Or is it rather the amount just sufficient to offset the monthly liquidity to be reined by the Fed, as part of its bid to normalize monetary policy? Remember that, at its September meeting, the Fed announced the lift-off of its plan to gradually unwind its USD 4.5 trillion balance sheet by not rolling over maturing securities. The tapering has started this quarter at a monthly rate of USD 10 billion. It will be raised by USD 10 billion each quarter until it reaches a monthly rate of USD 50 billion. For the full year 2018, this implies a balance sheet contraction of USD 420 billion – or USD 35 billion per month. Which, at the current euro/dollar exchange rate, equals EUR 30 billion. We must confess to finding this equivalence intriguing.

Even if it is only a “coincidence”, the fact remains that central bank liquidity will continue to expand in 2018. Fed tightening will be offset by ECB injections, with Bank of Japan purchases – which have been all but secured by Abe’s recent victory in the snap election – pushing the aggregate measure into positive territory.

As investors, fighting the flow of liquidity that will continue to pour into financial markets, quite regardless of fundamentals and valuation, does not make for an attractive proposition. Particularly when the alternative of holding cash yields nothing (or even bears a cost).

But this does not mean that investment risk should be taken inconsiderately. Although no immediate danger appears to threaten financial markets, history teaches us that the trigger for a reversal always takes investors by surprise. Would the Fed have adopted such a long (multi-year) timeframe to unwind its balance sheet, and would the ECB have decided to continue to plough money into a strengthening business cycle, if they did not believe that the global economy and financial system remain fragile?

Protecting client assets must remain our priority, even as we strive to achieve positive portfolio returns in a zero-yield world.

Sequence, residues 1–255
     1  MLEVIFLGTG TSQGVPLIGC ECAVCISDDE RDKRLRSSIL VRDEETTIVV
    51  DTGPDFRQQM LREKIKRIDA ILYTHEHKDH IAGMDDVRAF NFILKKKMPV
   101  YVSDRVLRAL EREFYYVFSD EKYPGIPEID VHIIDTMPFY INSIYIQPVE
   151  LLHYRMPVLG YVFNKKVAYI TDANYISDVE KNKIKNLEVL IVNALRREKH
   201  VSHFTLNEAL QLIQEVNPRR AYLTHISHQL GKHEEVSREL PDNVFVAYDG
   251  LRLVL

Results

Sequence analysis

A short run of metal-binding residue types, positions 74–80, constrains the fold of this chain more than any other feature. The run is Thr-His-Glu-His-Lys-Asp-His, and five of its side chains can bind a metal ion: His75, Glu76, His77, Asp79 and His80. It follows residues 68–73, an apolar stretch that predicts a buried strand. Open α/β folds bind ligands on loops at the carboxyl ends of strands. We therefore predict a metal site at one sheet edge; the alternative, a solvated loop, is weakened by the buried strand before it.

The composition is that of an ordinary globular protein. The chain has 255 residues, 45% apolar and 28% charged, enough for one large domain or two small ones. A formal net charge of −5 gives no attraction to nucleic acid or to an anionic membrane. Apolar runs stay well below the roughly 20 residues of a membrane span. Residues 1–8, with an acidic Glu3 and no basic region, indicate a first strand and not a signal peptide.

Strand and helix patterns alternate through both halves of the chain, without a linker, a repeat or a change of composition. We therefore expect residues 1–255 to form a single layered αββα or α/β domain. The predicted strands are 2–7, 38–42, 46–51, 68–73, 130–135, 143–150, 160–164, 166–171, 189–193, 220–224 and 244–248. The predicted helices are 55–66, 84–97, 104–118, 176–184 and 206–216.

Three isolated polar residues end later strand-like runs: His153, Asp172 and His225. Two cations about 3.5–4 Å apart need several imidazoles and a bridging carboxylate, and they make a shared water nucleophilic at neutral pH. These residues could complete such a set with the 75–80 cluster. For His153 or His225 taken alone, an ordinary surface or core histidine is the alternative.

The mechanics of volatility

Chart: S&P 500 index vs. its implied 1-year volatility (last 10 years) 


Source : Bloomberg

Until this year, VIX readings below 10 were exceptional. Between 1990 and 2016, this widely watched measure of the volatility expected in the US stock market, also known as the “investor fear gauge”, closed below 10 on nine occasions only. For 2017, the count has already hit forty.

This string of low volatility data points reflects more than investor complacency. It has to do with the inner workings of today’s financial markets. Volatility is not just an outside measure of risk. It has become a critical input – explicitly or implicitly – for many investors’ asset allocation decisions, when not a variable upon which they make direct bets.

Take VIX futures for instance. The fact that the VIX has gone from low to lower throughout this year has spurred investors to flock to the short trade – reinforcing the downtrend in volatility. But if (or should we say when) something triggers a market reversal, the scramble to cover short VIX positions is likely to bring about a spike in volatility.

And with the currently huge (estimated in trillions) amount of assets invested through models that use volatility as a key input for their allocation to risky assets, such a spike would cause a rapid reassessment of the equity risk premium and a reduction in associated positions. Systematic buying would shift to systematic selling, all the more so since passively managed funds have gained such prominence.

Portfolio insurance is widely viewed as the amplifier (but not trigger) of the 1987 stock market crash. Volatility-based trading could well play that role when the current market rally falters.